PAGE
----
Filed under: creative process, Dance | Tags: autumn quartet, chakra, nudity, swadhisthana
I don’t have long to reflect on the ideas that are spinning around “Autumn Quartet,” but this seems to be typical of 2010 thus far. Too many ideas, not enough time.
Last week we had two guests in our practice of the piece, and their perspectives and feedback were both fascinating and valuable. The most poignant thought I went away with was the ongoing question of how to situate the work in such a way that it can be experienced/appreciated as a practice primarily concerned with our (the four of us dancing) kinesthetic/spatial/personal experience of it. It is not concerned with the visual spectacle of the piece, or even a transmission or communication of our experience. It is concerned with our experience, whatever that might be, within the confines of the experience itself (the algorithmic score, the movement material/vocabulary, the space, the time in which it occurs, our experiences of one another, etc.). I have not yet found a successful way at framing the piece in this way without devaluing the presence of the observer.
The other lingering ideas I had about the piece after last week:
-Structural elements of the algorithm: I am thinking about the possibility of adding the score, a minor detail, that shifts some of our walking patterns contingent on the spatial organization of others in the space, how this transforms our experience of the space, our attention to one another, and adds yet another power dynamic of dictating spatial organization. I’m not sure if it will work, but it’s an interest.
-The question of nudity came up again. Why is it that we only strip to our underwear? How would it be different if we were completely bare? Are we as a group (the four of us) at a point at which we can be naked with one another/what might that mean/how might that be affected by the presence of observers? On a practical level, can we dance the movement phrases without our bodies literally getting in the way? If not, what might it mean that the movement material is “designed” for the clothed body, violent or brutal to the naked body? I’m not sure . . . and if full nudity were to come into the piece at some point, how might that be instigated? Do we discuss it again, make decisions before we start? When I look back at the score, it describes “the final state of undress,” whatever that might be, allowing for it to be individually determined and allowing for the possibility of full nudity. Is any discussion beyond that necessary? It is a question/lots of questions, not an answer.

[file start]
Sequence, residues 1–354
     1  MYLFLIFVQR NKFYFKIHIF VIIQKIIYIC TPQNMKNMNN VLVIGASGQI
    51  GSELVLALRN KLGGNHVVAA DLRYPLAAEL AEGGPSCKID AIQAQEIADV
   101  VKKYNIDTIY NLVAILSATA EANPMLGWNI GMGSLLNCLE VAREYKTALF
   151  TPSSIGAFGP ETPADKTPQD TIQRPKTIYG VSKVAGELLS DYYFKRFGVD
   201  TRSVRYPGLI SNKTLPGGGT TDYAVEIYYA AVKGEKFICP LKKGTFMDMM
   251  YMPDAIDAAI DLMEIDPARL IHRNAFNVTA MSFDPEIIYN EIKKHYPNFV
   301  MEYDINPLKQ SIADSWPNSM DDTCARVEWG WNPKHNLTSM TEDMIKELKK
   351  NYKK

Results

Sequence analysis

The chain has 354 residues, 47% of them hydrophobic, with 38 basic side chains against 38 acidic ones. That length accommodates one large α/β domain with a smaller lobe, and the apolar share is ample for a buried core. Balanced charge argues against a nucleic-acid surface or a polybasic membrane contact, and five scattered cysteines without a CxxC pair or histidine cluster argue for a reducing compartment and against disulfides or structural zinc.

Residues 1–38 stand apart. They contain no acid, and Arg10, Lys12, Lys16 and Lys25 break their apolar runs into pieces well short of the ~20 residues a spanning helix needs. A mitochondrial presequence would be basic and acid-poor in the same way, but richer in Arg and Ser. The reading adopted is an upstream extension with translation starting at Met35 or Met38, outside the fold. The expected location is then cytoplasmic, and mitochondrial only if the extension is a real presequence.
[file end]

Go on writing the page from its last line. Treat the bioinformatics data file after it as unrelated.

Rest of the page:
-There is the lingering question of love.
-There is a question of pleasure. In my yoga class this morning I taught about swadhisthana, the second chakra, and the indication that pleasure/potential pleasure is always accessible within one’s experience, as one’s body. I began to wonder about this dance, and whether I still experience it as pleasure, if I am still “finding the pleasure” as I dance it.
We are only scheduled to dance the piece three more times. I’m not sure how these questions might be addressed in those practices. But as they have come up in my contemplation of the piece, I wanted them to be included in this bog account of its process.
Filed under: art, creative process | Tags: bodies that matter, chakra, eco-sexuality, ecosexuality, femina potens, henry sayre, judith butler, love art lab, san francisco, sex, sex positive, sexecology, sexual epistemology, sexuality, Synchronous Objects, the body, Yoga
Ever since I returned from San Francisco a week ago, I have been hesitant to write about my experience of the work that I saw. There is so much to say . . . and yet with plans for writing a formal paper/article about Love Art Lab, the concept of “sexecology” and “ecosexuality,” and the integration of life and art in their work, for whatever reason, I have resisted authoring anything informal here. And yet on some level that is the purpose of this blog, to publish the creative process, the unfinished product, the journey that develops into that which I am making. I also think it would be helpful for me to get some of these ideas moving in a public arena, situate them in a larger context, and see how they grow in this space.
So, what follows are my relatively raw responses to this work.
What brought me to San Francisco was primarily the exhibit “Sexecology: Making Love With the Earth, Sky and Sea” being presented at Femina Potens Art Gallery. I was interested in this potential entry point into Love Art Lab’s work, how this exhibit invites the viewer into the ephemera of their performance work alongside new collaborative art objects (collages, prints, etc.). I also used this trip as an opportunity to meet Beth and Annie and interview them about their work. I left completely overwhelmed and saturated with new ideas, concepts, and considerations. I am currently in the process of transcribing the interview audio footage, so what I’m sharing here is primarily my response to the work itself:
It seems to be a show heavy in relationship to memory. A bulk of what is in the gallery is ephemera from the Green and Blue weddings: costumes, jewelry, photos, videos, paper ephemera, etc., as if walking through their wedding album(s). The large prints of the sea and sky also seem to reference that which previously occurred. I’m not sure I’ll ever look at photography the same again after reading Henry Sayre’s The Object of Performance. These photographs give me the opportunity to look and see with Beth’s eyes, her way of looking, seeing what she saw. They are even some photographs that describe “familiar” sky/sea-scapes (Louisiana clouds, for instance), but look at those scapes with the eyes of a sexecologist. The text in most of the collages references previous occurrences, memories, and descriptions of self in the past. This sense of history/memory is reinforced by the use of vintage images (photos and children’s book images). This is even further reinforced by the interactive element in the show, the visitor survey, asking first to rank one’s perception of the degree of one’s own ecosexuality, then asking for a re-telling of a memory that might be identified as eco-sexual.